4.2 General rules for the hyphen: (See hyphen entry in punctuation section at the back of the stylebook for complete guidelines.)
. . . . . The hyphen is used in phrasal adjectives:
. . . . . a 7-year-old boy an off-the-cuff opinion a little-known man
. . . . . But the hyphen is not used in sequences in which the adverb has an -ly suffix:
. . . . . a gravely ill patient a relatively weird student
. . . . . In combinations of a number plus a noun of measurement, use a hyphen:
. . . . . a 3-inch bug a 6-foot man a two-man team
. . . . . A hyphen is always used with the prefix -ex, as in:
. . . . . ex-president ex-chairman
. . . . .
4.3 The comma is omitted before Roman numerals and before Jr. and Sr. in names:
. . . . . Adlai Stevenson III John Elliot Jr.
. . . . .
4.4: Periods are used in certain abbreviations and after points of the compass in street addresses:
. . . . . U.S. the U.S. marshal
. . . . . U.N. a U.N. delegate
. . . . . 5 a.m. 16 E. Wabash Ave.
. . . . . However, in most other instances, abbreviations in the form of initials do not take periods:
. . . . . ROTC, USS Iowa, GOP, NBC OSU, ACLU, AP, UPI, EDT, NOW, NAACP, NASA
. . . . .
4.5 Note that in direct quotation, periods and commas are always placed inside the closing quotation marks:
. . . . . "I'm buying a doormat," Vandross said.
. . . . .
4.6 Avoid the use of quotation marks with slang expressions or single words where meaning is clear:
. . . . . WRONG: He called the youth a "hippie."
. . . . . RIGHT: He called the youth a hippie.
. . . . .
4.7 In a series, omit the final comma before and and or:
. . . . . red, white and blue
. . . . . no money, no influence and no votes.
. . . . .
4.8 Use quotation marks to set off nicknames:
. . . . . W.C. "Pug" Pearson Richard "Lightnin' Rod" Jones
. . . . .
4.9 Do not underline in news copy. Instead use quotation marks to set off titles.
. . . . .


Names and titles


5.1 Generally, identify people in the news by their first name, middle initial and last name:
. . . . . David R. Smoots Fred L. Rogers
. . . . .
5.2 Use full identification in first reference, but in second reference, use last name only:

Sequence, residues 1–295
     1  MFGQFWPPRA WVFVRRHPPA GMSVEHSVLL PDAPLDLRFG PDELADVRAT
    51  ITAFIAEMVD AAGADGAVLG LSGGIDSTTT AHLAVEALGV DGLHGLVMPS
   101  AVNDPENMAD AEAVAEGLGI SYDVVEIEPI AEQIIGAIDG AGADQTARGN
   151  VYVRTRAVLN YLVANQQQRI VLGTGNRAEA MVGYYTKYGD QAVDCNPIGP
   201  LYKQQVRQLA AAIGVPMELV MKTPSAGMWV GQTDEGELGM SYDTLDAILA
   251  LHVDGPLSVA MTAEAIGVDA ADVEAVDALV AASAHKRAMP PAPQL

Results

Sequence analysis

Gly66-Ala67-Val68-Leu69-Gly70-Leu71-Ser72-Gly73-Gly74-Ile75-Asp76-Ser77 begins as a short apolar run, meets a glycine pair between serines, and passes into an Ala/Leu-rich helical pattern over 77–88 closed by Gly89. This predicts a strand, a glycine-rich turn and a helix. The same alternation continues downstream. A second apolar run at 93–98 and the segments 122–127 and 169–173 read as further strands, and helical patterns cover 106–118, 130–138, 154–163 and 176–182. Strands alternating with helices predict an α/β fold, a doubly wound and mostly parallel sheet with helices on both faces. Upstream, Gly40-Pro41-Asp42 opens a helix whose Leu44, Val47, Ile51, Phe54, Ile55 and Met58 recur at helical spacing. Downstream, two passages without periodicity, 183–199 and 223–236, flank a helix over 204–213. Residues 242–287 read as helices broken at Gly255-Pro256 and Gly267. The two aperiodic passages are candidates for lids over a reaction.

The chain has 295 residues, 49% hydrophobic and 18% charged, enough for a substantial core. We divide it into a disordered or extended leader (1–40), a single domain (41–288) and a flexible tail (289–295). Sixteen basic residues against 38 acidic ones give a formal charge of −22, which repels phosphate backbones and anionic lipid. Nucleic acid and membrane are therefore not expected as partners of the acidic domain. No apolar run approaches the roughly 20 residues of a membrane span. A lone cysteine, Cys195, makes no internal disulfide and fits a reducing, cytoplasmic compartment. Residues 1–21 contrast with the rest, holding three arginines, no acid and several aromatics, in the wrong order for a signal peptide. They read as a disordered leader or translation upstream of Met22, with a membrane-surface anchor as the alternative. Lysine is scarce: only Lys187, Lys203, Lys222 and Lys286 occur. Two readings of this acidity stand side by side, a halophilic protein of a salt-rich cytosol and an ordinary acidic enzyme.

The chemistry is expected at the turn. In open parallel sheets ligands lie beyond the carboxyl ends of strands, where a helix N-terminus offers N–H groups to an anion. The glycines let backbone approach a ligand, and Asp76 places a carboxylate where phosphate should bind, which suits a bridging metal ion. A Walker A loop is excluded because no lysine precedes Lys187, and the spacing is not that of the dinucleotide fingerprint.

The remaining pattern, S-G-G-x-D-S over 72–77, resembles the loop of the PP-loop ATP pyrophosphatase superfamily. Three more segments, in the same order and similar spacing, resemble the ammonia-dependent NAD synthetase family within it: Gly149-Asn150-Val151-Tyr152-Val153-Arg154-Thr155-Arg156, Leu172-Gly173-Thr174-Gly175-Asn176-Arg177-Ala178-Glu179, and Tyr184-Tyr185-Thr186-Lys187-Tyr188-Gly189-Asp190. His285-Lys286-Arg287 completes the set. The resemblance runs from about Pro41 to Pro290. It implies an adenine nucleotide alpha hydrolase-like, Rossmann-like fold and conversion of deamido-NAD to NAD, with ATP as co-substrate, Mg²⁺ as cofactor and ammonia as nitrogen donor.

. . . . . Richard Cooper (first reference) Cooper (second reference)
. . . . . Angeline Smoots (first reference) Smoots (second reference)
. . . . .
5.3 While proper titles are capitalized and abbreviated when placed before a person's name (except for the word president), titles that follow a person's name are generally spelled out and not capitalized.
. . . . . Voinovich, governor of Ohio Pitts, a state representative
. . . . . Wallbanger, director of the Goofus League

5.4 Do not use courtesy titles . .Mr., Mrs., Miss, etc. . .unless not using them would cause confusion. (For example, you might want to use them when both members of a married couple are quoted in a news article.)
. . . . .


Time


6.1 Time in newspaper usage is always a.m. or p.m. Don't use tonight with p.m. or this morning with a.m., because it is redundant. Don't use the terms yesterday and tomorrow to describe when an event occurred. It is OK, however, to say today.
. . . . .
6.2 In describing when an event happens, use the day of the week if the event occurs in the last week or the next week. BUT, use the calendar date if the event is longer than a week ago or farther than a week off.
. . . . .
6.3 Generally, it's more readable to put the time, then the date, when an event will occur:
. . . . . RIGHT: The train arrives at 3 p.m. Jan. 3. WRONG: The train arrives on Jan. 3 at 3 p.m.
. . . . .
6.4 Never put both the day of the week and the date that an event will occur:
. . . . . RIGHT: The fireman's ball will be held Jan. 3. WRONG: The fireman's ball will be held Monday, Jan. 3.
. . . . .
6.5 CORRECT: It's 7 p.m. INCORRECT: It's 7:00 p.m.